This profile was published in Kansas Alumni magazine.
Lawyer heads to the hills to tend abused animals
Gracie the paraplegic cat. CeCe the dog with muscular dystrophy. Beauty the blind mare. Katie the pet cow who was on her way to a butcher. Myrtle the sheep whose ears were chewed off during a pit bull attack. Lola the hog whose herd was abandoned one winter by a pig farmer who left them in a pasture with no shelter, food or water.
These are the animals that might not be taken in because of space constraints and staff limitations or that wouldn’t be given enough time to be adopted if they went to a traditional animal shelter. But these souls find peace and comfort at Rolling Dog Ranch Animal Sanctuary, run by Alayne Marker, l’84, and husband Steve Smith in Ovando, Mont.
Some of the 80+ animals can be placed in new homes, it just takes a little longer to find the right match. Many, though, will live the rest of their lives on this ranch that covers 160 acres of grassland in the Blackfoot River valley of western Montana.
“We fill that gap so the animals don’t fall through the cracks.” Marker said. “We give them the chance to live their lives here or the time to find the families that can handle their special needs.”
After graduating from law school, Marker took a job in her native Wichita with Boeing, which eventually moved her to Seattle. She went to a local adoption fair where she found her dog Spats and discovered the animal rescue group movement. Soon afterward she found Steve, also an animal lover.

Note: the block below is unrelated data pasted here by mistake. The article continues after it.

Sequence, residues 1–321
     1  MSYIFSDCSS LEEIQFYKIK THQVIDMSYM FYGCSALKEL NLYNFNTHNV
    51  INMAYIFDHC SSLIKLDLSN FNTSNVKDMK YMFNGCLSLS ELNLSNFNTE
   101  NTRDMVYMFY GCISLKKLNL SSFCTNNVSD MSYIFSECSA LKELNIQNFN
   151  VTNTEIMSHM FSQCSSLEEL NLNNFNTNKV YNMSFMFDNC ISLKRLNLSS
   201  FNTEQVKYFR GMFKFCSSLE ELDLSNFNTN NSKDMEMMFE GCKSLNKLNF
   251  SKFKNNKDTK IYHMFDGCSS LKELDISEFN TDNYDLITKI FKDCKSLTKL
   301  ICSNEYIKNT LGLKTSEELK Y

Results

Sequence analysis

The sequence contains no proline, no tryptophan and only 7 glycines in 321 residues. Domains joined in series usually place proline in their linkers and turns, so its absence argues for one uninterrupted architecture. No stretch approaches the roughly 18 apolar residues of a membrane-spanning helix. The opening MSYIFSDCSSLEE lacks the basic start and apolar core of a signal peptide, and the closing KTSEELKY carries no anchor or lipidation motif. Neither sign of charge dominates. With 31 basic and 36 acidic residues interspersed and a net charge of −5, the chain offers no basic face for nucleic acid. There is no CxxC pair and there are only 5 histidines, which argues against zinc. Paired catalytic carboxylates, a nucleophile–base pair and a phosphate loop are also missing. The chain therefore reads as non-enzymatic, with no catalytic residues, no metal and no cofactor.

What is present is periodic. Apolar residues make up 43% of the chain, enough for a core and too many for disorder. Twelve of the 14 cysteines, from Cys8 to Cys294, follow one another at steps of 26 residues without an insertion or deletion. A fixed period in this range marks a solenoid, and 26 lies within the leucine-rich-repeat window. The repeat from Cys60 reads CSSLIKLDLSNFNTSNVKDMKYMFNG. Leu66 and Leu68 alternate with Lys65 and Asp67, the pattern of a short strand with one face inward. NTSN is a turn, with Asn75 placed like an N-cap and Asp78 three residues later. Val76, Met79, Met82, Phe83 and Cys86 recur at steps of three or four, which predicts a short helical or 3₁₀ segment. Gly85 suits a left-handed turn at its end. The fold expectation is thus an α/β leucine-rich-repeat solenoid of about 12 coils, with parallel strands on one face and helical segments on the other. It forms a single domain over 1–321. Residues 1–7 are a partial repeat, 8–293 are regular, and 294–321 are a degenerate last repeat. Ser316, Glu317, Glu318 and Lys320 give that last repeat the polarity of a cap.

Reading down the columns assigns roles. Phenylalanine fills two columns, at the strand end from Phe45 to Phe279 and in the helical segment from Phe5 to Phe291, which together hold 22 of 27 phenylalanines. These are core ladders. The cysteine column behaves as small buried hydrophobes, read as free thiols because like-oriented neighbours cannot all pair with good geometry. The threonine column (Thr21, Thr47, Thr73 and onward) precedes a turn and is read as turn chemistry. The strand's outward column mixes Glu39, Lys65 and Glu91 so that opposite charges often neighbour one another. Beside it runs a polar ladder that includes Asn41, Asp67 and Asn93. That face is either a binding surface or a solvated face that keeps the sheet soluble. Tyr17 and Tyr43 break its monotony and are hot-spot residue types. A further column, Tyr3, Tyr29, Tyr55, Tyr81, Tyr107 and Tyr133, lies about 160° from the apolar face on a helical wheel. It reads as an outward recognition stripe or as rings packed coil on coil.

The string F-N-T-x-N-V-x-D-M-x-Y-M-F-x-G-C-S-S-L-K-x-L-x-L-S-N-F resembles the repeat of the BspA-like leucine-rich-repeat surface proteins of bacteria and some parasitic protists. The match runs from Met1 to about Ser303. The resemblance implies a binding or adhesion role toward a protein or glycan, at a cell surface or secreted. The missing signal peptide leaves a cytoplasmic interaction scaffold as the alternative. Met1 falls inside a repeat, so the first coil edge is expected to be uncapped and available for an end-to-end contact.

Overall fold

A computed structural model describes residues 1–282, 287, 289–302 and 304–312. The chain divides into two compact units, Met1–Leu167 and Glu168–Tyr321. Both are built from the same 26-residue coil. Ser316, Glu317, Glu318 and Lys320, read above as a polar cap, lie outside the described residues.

“We just came together and this is the direction we took,” Marker said. “We didn’t even have to talk about it. We both had the passion and silently moved toward it.”
Marker and Smith bought the ranch in 1998 with the idea of moving from Seattle when they retired 10 years down the road. But in December 2000 they gave up their lucrative jobs to open the sanctuary.
“The need was there and we had the ability to do it,” Marker said. “We have no staff and this is a very physically demanding job, so we’re not sure we’d haven been able to do it if we’d waited 10 or 15 years.”
They do not take a salary from the sanctuary, so between feeding, medicating, taking animals to the vet’s office an hour away, pitching hay or digging out snow both work from home – Marker does legal work and Steve is a marketing consultant. They’ve put their life savings into the sanctuary, which now has two barns, three animal cottages, three large animal sheds and their home.
The sanctuary is supported by contributions: the more money they raise, the more animals they can take in. But they are careful to control their growth so that each animal gets the care it needs.
“Words cannot describe how it feels when you can help in this way,” Marker said. “People place so much faith and trust in us, it’s overwhelming. It’s a wonderful feeling. I wouldn’t want to do anything else.”